Lessons for the world
Joe Manchin is a pretty odious character. Willing to see the world burn for his own narrow electoral and financial interests. He is however a harbinger of things to come. Powerful people do not give up their power willingly and we should not be surprised if people, perhaps coal miners especially, are unwilling to give up their livelihoods on the promise that the climate will remain stable.
If we are to decarbonise our economies there will be losers and every country is going to need a strategy for defanging them and making sure that people are neither able to block progress, nor thrown on the economic scrapheap.
Next, if we are to decarbonise the world, there need to be mechanisms in place to ensure that free riders cannot piggyback on or sabotage the hard work that will be required from all major economies. Just because the US cannot get things done, does not mean we can slow down but it does represent a threat to the environment the rest of us have to live in.
Lessons for the UK
Decarbonising the UK will be painful but though necessary it is nowhere near sufficient to protecting our climate. This is a global problem, and the UK needs a strategy to effecting the entire planet to ensure that decarbonisation happens. As is often pointed out, usually by those living near a proposed windfarm, it’s no good the UK suffering if it doesn’t fix the problem.
A more global UK strategy for decarbonisation would rest on three planks. Research, procurement, and diplomacy.
The easiest, most comfortable way to decarbonise our economies as Bill Gates has set out would be to reduce the price of low, or zero carbon technologies so they outcompete high emission products in the market. Researching new technologies that could make this happen is therefore essential to securing a future for our planet.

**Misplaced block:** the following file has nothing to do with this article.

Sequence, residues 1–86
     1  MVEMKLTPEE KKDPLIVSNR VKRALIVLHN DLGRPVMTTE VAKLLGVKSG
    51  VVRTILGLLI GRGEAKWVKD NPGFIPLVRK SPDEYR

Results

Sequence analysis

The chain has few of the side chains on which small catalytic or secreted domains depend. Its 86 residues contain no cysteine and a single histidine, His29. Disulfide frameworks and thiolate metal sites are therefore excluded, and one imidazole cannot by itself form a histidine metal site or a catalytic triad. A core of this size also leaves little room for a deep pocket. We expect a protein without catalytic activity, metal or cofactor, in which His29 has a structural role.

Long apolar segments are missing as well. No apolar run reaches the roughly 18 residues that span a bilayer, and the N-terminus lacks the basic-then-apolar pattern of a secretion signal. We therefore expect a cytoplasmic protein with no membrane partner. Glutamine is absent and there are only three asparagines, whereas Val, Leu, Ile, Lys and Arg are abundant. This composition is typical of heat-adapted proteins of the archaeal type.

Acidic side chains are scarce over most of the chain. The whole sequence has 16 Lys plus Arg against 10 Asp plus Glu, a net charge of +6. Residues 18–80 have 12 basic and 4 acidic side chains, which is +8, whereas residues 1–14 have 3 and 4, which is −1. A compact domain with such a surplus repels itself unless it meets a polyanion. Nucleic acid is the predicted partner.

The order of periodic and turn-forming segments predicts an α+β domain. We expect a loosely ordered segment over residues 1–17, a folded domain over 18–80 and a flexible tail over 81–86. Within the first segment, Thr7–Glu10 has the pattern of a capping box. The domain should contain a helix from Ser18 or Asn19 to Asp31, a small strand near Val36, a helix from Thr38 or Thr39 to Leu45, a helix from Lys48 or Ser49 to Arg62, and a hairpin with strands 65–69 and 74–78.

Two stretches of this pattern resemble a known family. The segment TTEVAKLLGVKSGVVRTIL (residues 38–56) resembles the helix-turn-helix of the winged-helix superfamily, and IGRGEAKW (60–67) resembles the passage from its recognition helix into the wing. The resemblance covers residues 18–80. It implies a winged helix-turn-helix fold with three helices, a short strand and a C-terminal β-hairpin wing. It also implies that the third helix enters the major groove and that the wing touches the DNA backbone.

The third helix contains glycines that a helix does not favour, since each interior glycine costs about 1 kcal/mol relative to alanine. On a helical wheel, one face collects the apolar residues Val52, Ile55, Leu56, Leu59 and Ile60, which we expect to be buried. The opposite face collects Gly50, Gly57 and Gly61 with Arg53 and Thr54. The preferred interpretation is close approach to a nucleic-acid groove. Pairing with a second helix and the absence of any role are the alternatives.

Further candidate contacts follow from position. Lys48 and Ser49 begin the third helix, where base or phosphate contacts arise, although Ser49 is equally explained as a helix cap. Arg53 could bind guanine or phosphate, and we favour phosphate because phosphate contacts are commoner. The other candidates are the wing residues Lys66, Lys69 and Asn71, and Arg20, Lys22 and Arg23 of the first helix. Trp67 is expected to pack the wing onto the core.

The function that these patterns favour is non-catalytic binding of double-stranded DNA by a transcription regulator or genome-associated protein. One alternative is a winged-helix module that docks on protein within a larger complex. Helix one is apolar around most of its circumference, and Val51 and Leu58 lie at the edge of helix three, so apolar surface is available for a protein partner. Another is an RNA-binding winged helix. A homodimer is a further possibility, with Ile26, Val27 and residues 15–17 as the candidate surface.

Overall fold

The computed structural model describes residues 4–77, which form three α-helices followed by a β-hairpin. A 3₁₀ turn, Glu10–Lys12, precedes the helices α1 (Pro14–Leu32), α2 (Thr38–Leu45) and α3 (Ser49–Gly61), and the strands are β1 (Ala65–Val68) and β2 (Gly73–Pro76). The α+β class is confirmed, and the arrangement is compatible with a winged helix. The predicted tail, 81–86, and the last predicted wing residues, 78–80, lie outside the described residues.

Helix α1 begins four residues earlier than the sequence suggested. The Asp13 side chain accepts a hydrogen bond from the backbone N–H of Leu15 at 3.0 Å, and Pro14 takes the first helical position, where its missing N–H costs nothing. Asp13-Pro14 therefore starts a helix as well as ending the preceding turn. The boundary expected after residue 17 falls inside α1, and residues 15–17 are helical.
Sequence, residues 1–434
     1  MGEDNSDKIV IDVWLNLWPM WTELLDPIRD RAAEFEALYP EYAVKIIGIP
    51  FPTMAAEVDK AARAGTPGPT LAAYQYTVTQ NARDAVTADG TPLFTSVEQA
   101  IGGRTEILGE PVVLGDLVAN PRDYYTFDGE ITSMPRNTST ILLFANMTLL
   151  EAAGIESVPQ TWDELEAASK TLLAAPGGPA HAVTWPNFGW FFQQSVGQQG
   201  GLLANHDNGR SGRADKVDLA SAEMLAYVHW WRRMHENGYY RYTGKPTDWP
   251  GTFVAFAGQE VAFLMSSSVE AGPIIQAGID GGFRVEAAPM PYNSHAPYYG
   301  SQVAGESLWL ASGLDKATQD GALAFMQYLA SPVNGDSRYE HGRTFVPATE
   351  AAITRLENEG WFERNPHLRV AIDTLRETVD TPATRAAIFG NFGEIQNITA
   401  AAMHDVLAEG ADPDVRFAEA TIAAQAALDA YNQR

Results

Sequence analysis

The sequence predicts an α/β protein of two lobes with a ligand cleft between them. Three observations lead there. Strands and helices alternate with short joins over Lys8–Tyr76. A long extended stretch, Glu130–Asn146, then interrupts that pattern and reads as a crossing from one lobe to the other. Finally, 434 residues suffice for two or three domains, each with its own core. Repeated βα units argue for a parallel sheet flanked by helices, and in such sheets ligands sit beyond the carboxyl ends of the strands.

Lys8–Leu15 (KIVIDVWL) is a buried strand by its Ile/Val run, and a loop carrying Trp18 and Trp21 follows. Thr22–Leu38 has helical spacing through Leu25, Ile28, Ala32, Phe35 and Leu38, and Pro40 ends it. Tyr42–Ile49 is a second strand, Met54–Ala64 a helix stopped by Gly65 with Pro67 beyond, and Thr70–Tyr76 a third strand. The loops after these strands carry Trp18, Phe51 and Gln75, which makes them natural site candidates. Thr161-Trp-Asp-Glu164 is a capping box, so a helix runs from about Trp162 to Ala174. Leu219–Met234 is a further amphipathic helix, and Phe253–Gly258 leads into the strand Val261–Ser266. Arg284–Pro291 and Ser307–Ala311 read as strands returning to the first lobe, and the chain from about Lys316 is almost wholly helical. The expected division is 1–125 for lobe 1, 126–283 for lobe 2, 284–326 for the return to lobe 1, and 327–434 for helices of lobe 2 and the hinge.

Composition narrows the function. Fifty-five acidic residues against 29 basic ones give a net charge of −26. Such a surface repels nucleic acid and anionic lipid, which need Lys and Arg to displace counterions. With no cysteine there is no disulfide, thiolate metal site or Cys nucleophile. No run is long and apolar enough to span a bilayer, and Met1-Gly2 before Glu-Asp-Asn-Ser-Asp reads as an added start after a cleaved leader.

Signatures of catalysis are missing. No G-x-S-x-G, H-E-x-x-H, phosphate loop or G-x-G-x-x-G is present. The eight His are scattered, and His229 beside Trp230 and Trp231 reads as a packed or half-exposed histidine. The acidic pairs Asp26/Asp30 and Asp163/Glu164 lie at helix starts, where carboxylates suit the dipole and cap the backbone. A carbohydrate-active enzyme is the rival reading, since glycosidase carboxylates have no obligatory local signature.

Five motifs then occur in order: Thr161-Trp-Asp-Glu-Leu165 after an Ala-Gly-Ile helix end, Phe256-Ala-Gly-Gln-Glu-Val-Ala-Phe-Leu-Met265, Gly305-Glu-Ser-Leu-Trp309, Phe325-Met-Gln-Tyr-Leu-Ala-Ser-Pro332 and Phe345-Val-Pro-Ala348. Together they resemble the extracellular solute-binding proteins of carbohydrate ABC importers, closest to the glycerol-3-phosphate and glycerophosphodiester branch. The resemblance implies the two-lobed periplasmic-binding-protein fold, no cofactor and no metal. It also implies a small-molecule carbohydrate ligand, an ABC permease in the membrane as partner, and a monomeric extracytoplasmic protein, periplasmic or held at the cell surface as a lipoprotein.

Once a technology is invented however, there is no guarantee that it will ever be scaled to the point at which it is competitive with current technologies. Electric cars have been around about as long as cars powered by fossil fuels. History in this case favoured petrol powered cars and now there are entire industries devoted to making the best, most efficient and cheapest petrol cars imaginable. It has taken years for electric cars to build the scale to be even remotely competitive. For other alternative technologies we have run out of time for them to scale.
One way governments can speed this process is by using clever subsidies or their immense buying power to increase the scale of nascent industries quickly. The technologies that revolutionise the world won’t be the exciting cutting edge ones, they will be the ones that become cheap and accessible enough to be useful as solar and wind power are now proving. The electrolysis of hydrogen from water, various forms of energy storage, low carbon concrete, zero carbon steel and even electric aviation are all technologies that are maturing and were Britain to show the way, could be applied across the world.
Finally diplomacy. As COP26 has shown, decarbonisation by consensus means that the world moves at the speed of the slowest. America’s lack of credibility on climate issues did not encourage China or India to commit to big cuts in emissions and understandably so. Why should industrialising countries forgo growth to save developed countries unwilling to lift a finger?
It is a rocky road but it may be time to contemplate enforcement mechanisms for those countries that flout climate treaties. So far at least, that category has included most world governments as talk is cheap, but as more countries begin to fall on the right side of history it can’t be right that our efforts are derailed by those, like Joe Manchin who are too invested in the past to allow for a future.